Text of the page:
Nicotinamide or Vitamin B3, delivered at high doses, increases a thousandfold the body’s ability to destroy staph infections increasingly resistant to antibiotics, according to a study conducted in the United States.
The research, conducted on laboratory animals and human blood revealed that high doses of vitamin A thousand times increase in the immune response against these bacteria.
The study, made by scientists at Cedars-Sinai Medical Center, Linus Pauling Institute of Oregon State University, the University of California Los Angeles (UCLA) and other institutions, is published in the Journal of Clinical Investigation.
The researchers found that the supply of therapeutic doses of nicotinamide increased the number and effectiveness of neutrophils, specialized white blood cells that kill and devour harmful bacteria.
The finding may open new avenues to combat the increasing number of antibiotic-resistant bacteria, especially the “Staphylococcus aureus” cause most hospital infections.
“This is potentially significant, although we conduct human studies,” said one of the lead authors, Adrian Gombart Linus Pauling Institute.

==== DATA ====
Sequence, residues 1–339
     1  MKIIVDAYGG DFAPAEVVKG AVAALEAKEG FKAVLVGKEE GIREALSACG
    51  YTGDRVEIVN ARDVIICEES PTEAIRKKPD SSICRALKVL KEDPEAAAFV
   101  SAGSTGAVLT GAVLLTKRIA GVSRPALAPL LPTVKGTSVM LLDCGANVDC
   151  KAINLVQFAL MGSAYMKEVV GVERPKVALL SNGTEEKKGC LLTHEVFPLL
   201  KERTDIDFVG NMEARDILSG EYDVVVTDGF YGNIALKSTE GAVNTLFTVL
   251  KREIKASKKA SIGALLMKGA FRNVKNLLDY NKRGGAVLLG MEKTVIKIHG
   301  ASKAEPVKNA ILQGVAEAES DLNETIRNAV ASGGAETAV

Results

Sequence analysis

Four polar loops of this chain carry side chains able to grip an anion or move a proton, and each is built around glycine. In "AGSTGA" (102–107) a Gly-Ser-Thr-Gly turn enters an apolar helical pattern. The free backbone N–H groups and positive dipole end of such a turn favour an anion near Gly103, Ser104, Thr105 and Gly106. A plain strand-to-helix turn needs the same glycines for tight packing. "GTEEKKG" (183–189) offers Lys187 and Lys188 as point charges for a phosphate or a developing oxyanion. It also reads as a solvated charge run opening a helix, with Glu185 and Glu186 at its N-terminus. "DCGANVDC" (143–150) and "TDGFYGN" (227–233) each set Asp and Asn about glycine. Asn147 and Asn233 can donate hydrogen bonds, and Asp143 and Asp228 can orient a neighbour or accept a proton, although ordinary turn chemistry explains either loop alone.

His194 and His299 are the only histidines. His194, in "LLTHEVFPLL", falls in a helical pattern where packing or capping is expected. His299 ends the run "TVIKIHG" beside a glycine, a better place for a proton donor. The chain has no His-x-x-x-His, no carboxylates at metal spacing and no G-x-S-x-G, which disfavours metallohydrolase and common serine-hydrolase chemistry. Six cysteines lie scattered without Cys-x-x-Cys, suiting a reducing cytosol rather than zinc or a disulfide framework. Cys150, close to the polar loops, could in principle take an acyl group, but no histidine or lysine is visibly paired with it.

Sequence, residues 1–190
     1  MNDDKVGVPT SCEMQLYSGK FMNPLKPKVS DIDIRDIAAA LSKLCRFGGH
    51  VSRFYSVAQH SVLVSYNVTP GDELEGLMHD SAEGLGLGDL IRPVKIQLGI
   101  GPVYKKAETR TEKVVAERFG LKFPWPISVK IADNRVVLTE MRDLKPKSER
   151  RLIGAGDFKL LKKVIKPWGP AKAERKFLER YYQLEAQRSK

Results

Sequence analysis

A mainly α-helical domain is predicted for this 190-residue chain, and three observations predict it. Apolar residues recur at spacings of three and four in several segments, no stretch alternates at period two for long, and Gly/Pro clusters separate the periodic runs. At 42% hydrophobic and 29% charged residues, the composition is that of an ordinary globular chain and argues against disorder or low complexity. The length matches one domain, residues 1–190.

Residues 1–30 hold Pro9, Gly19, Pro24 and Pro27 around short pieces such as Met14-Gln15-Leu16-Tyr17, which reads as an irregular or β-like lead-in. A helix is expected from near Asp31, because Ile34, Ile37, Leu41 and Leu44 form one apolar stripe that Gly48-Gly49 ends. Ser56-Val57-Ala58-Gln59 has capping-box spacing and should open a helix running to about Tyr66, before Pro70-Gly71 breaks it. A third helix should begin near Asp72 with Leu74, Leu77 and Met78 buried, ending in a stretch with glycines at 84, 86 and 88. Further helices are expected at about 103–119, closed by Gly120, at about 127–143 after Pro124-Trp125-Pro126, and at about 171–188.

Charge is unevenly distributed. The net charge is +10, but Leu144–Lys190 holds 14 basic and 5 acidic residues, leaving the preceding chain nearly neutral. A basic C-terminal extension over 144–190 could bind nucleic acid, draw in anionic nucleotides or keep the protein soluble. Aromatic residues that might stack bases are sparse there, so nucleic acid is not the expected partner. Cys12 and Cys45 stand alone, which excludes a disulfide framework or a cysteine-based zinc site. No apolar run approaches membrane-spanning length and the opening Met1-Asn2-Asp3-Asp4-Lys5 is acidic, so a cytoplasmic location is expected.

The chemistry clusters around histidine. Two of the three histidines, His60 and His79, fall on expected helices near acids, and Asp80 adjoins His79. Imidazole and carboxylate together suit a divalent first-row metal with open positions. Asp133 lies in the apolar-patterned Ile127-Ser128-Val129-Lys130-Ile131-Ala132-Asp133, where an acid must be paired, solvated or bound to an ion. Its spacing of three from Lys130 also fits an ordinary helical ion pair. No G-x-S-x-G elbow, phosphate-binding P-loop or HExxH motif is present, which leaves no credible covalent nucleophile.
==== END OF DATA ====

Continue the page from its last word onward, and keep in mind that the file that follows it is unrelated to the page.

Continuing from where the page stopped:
According to the scientist, the vitamin could be a new method to treat staph infections in combination with existing antibiotics, as it stimulates the immune system.
In the experiment, nicotinamide was supplied in doses much higher than those that provide any normal diet, although in amounts that have been used safely in humans for other medical purposes.
When vitamin B3 in human blood was injected at this dose, the infection disappeared within hours, the study found.
However, Gombart warns that there is no evidence that a normal diet or vitamin B3 supplements have a beneficial effect in the prevention or treatment of a bacterial infection, so that “people should not start taking high doses of this Vitamin “.
The main natural sources are meat nicotinamide liver and other organs, eggs, fish, peanuts, legumes, grains (corn), milk and artichokes.
According to another author, George Liu, an expert in infectious diseases at Cedars-Sinai, the vitamin is “surprisingly effective” against one of the main threats facing public health today and can help reduce our reliance on antibiotics .
In the 1950s, with the introduction of penicillin and sulfonamides, streptococci, staphylococci were displaced by the agent and hospital infection 1959, methicillin shown (a semisynthetic penicillin), 60% of the strains and were resistant to penicillin.